This is a copy of Secretary Gates' speech, as written. He changed a few things in the delivery, but nothing substantive. At present, there is no official transcript of the briefing:
Pentagon Briefing Room
Monday, Aug. 9, 2010
[3,557 words —26 ¼ minutes]
As you know, for the better part of two years the leadership of this department has been working on reforming the way the Pentagon does business.
These efforts have been spurred by a number of realities.
First, our country is still fighting two wars, confronts ongoing terrorist threats around the globe, and faces other major powers investing heavily in their military. It is important that we not repeat the mistakes of the past, where tough economic times or the winding down of a military campaign leads to steep and unwise reductions in defense. The current and planned base defense budgets—which project modest but steady growth—represent the minimum level of spending necessary to sustain a military at war and to protect our interests and future capabilities in a dangerous and unstable world.
Having said that, we must be mindful of the difficult economic and fiscal situation facing our nation. As a matter of principle and political reality, the Department of Defense cannot expect America's elected representatives to approve budget increases each year unless we are doing a good job, indeed everything possible, to make every dollar count.
As a first step, last year we began reforming this department's approach to military acquisition, curtailing or cancelling about 20 troubled or excess programs—programs that if pursued to completion would have cost more than $300 billion. Additional program savings have been recommended in the budget we submitted this year.
However, it is clear to me that additional major changes are needed, consistent with the reform agenda laid out by President Obama. I believe that sustaining the current force structure and making needed investments in modernization will require annual real growth of 2 to 3 percent, which is 1 to 2 percent above current top-line budget projections. Therefore, in order to preclude reductions in the military capabilities America needs today—in addition to those required for the future—that spending difference will need to be made up elsewhere in the department.
As a result, in May I called on the Pentagon to take a hard, unsparing look at how the department is staffed, organized, and operated. I concluded that our headquarters and support bureaucracies—military and civilian alike—have swelled to cumbersome and top-heavy proportions, grown over reliant on contractors, and grown accustomed to operating with little consideration to cost. This manifested itself over the past decade in vast increases in spending and staffs—by nearly one thousand employees in the case of the Office of the Secretary of Defense alone—and in the proliferation of new organizations and senior executives to lead them. This expansion—and its associated habits and attitudes—was abetted by a near doubling of the defense base budget since 2001 and further enabled by a steady diet of supplemental war appropriations—both factors that will soon end.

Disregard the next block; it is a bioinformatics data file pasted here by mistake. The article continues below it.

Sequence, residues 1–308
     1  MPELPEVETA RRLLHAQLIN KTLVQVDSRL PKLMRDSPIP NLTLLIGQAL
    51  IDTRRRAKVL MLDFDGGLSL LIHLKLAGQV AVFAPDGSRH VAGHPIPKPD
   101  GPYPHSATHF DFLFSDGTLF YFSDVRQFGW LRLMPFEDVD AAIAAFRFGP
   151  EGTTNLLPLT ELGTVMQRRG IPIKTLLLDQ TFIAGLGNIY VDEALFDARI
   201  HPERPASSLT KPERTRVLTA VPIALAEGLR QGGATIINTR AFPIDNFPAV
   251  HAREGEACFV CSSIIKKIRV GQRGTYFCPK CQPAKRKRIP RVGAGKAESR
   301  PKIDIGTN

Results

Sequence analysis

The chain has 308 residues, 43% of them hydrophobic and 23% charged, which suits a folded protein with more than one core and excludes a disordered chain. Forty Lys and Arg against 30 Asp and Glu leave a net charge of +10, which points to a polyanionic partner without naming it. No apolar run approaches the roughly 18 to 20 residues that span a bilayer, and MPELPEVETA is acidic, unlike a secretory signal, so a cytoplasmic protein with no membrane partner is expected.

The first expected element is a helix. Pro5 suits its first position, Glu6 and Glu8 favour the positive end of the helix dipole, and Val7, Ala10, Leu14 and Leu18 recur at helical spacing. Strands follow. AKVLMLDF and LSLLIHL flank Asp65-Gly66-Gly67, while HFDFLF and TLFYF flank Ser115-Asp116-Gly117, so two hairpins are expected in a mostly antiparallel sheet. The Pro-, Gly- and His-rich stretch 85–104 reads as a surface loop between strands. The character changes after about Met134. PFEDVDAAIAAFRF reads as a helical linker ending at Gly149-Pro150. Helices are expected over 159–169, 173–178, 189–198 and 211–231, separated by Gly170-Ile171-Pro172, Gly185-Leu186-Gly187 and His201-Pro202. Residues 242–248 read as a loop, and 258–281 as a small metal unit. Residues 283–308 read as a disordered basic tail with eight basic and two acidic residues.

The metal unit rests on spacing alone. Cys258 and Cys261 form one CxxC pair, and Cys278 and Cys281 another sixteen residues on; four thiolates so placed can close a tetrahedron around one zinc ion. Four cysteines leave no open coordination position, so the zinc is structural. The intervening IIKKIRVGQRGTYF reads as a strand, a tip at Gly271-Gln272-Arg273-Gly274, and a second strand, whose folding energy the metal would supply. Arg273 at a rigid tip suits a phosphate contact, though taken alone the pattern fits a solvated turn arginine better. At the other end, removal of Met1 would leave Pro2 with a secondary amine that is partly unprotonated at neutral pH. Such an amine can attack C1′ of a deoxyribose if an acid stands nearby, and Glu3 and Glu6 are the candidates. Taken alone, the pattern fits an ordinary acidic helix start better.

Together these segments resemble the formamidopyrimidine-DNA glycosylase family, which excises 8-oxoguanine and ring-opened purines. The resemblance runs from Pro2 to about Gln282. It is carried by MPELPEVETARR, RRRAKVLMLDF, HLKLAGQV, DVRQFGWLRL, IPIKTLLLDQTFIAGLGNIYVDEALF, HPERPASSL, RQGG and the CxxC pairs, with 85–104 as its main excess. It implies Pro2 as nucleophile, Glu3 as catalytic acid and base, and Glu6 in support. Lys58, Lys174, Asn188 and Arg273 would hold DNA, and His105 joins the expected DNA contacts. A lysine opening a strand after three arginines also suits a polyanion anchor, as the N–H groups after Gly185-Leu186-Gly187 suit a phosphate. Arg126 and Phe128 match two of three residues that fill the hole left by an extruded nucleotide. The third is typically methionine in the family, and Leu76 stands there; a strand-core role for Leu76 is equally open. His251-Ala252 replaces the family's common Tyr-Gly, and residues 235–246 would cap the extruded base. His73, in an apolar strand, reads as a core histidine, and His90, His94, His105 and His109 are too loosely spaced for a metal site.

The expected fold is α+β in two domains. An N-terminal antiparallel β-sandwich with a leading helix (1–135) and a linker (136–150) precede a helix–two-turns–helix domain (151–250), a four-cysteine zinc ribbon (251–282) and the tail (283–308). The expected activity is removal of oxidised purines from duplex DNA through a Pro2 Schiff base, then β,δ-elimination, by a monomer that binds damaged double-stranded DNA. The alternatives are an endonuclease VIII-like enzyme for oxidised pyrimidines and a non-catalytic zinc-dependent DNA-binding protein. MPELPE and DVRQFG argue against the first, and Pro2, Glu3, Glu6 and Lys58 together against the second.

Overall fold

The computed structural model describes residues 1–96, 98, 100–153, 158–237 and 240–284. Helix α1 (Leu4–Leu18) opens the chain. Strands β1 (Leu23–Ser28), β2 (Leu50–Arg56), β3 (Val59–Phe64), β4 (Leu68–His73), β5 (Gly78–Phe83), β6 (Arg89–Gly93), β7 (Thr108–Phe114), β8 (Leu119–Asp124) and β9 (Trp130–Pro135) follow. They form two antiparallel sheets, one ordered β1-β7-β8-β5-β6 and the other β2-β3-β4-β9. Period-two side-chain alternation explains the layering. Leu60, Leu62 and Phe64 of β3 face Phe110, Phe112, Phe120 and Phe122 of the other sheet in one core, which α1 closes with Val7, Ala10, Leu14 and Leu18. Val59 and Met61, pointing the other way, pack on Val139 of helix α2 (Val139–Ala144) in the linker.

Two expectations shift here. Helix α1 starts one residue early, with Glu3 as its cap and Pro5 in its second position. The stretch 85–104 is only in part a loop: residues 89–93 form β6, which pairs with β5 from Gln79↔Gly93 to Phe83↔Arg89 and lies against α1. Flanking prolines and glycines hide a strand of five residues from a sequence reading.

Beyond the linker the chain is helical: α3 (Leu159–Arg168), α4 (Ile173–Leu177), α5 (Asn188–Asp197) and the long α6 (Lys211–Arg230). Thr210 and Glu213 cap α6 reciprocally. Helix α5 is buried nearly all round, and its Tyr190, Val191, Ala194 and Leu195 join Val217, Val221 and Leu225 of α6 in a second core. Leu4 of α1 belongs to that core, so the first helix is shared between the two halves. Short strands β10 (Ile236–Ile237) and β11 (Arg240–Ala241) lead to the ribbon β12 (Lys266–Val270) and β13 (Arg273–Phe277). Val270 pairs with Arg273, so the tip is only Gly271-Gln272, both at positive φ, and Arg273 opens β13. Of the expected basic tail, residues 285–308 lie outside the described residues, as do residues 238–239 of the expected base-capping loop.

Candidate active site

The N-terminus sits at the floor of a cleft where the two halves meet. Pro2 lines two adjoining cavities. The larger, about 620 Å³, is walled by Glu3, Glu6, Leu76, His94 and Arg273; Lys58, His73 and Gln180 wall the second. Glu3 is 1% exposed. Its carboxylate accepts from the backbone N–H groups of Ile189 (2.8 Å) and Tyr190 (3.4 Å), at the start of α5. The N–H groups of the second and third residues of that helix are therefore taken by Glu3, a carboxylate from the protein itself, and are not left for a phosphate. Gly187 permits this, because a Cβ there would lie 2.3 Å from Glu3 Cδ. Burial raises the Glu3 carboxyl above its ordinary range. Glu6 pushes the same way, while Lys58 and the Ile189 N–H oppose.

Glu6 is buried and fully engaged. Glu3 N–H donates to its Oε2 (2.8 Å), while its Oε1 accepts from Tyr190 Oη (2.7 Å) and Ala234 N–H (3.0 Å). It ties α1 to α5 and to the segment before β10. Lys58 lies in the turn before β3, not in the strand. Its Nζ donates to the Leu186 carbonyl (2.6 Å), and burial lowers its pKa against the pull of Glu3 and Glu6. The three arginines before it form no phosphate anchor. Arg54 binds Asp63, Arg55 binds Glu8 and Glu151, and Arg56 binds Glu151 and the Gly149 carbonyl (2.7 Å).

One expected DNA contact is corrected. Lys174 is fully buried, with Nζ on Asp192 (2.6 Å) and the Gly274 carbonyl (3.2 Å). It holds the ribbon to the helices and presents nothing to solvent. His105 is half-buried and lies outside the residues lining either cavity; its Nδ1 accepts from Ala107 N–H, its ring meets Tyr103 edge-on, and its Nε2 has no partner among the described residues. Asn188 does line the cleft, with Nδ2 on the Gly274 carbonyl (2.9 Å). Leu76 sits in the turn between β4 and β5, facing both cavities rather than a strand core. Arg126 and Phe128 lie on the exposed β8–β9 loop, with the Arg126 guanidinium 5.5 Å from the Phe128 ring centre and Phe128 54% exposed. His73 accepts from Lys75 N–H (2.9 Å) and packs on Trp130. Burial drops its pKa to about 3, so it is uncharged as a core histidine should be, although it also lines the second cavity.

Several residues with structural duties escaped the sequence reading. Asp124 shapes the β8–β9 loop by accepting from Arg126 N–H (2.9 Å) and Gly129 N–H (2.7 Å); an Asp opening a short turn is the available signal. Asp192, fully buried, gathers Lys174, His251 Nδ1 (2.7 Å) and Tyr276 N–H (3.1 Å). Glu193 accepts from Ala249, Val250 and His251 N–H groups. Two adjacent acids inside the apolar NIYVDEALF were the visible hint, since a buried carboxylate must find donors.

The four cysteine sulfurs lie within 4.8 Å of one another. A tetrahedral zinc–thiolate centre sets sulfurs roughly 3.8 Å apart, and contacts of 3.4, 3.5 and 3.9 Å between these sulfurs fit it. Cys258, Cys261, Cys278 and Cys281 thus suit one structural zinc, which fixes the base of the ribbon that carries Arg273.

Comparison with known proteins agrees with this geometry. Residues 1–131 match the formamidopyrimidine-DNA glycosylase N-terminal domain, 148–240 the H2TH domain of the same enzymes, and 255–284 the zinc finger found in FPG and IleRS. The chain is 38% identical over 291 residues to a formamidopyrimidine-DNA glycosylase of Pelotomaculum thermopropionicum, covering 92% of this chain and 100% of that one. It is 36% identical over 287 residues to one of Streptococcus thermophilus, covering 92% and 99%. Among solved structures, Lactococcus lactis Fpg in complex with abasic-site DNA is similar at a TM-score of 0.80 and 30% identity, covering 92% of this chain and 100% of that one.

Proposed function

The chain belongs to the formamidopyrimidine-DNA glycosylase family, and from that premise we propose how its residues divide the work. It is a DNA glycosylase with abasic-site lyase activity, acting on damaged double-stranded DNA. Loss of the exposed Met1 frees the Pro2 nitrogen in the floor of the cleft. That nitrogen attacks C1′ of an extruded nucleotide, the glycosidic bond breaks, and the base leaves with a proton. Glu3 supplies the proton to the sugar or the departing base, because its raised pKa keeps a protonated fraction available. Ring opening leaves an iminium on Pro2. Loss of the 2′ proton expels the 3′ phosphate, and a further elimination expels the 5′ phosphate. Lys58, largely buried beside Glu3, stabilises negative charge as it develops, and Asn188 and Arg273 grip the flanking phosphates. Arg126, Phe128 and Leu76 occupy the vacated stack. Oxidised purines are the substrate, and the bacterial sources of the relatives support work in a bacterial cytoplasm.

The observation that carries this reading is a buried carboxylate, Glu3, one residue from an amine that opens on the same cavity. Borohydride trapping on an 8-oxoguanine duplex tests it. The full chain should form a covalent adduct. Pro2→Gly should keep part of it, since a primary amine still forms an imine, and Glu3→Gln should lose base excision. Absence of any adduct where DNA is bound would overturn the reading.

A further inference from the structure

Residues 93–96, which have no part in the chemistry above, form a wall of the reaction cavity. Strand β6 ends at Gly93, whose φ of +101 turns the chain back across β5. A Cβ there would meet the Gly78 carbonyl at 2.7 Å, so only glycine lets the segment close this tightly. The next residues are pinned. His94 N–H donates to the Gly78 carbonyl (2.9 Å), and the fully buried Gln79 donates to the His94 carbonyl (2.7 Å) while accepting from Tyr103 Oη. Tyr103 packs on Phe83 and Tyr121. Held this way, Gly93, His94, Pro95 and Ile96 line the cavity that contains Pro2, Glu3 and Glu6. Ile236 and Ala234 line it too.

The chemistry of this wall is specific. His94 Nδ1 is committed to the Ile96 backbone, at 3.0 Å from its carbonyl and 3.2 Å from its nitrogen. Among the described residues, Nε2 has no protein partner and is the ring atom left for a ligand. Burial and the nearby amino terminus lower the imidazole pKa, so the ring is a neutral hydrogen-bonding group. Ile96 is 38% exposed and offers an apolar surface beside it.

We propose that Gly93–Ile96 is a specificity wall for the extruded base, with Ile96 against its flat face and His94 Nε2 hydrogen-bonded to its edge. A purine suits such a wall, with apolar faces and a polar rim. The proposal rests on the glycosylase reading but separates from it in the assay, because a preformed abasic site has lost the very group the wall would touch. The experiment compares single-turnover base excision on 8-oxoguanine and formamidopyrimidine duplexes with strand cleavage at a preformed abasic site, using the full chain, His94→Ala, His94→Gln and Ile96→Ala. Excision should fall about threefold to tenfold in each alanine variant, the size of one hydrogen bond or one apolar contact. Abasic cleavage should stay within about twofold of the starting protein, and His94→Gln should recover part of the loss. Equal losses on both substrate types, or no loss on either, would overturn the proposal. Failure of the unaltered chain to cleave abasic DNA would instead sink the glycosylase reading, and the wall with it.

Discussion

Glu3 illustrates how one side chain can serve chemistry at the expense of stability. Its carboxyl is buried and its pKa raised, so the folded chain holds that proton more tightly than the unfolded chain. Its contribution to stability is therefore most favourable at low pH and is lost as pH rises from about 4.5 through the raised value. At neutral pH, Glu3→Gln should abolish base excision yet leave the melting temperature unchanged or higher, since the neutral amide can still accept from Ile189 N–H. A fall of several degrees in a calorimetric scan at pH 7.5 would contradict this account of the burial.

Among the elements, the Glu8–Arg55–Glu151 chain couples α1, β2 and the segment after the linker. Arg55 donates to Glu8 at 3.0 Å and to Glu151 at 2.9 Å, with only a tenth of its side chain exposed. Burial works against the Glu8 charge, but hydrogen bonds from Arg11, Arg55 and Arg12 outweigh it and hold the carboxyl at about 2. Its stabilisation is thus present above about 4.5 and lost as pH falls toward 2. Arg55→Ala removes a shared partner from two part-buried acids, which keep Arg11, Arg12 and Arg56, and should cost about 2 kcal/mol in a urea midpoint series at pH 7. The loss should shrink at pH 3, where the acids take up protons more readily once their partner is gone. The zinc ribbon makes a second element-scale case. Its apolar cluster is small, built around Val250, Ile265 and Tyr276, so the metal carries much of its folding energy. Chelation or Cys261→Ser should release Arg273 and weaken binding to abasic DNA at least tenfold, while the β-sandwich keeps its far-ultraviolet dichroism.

To be clear, the task before us is NOT to reduce the department's top line budget. Rather, it is to significantly reduce its excess overhead costs and apply the savings to force structure and modernization.
Toward this end, starting in June, we embarked on a four-track approach to move America's defense institutions towards a more efficient, effective and cost-conscious way of doing business.
First, and most significantly, earlier this year the military services were assigned the task of finding more than $100 billion in overhead savings over the next five years. Unlike budget cutting efforts of the past, the services will be able to keep the savings they generate to reinvest in higher priority warfighting needs and modernization programs. This exercise is well underway, as the services are evaluating their programs and activities to identify what remains a critical priority and what is no longer affordable. They are all planning to eliminate headquarters that are no longer needed and reduce the size of the staffs they retain.
I've also authorized each of the military departments to consider consolidation or closure of excess bases and other facilities where appropriate. This is obviously a politically fraught topic. Currently, Congress has placed legal constraints on DoD's ability to close installations. But hard is not impossible, and I hope Congress will work with us to reduce unnecessary costs in this part of the Defense enterprise.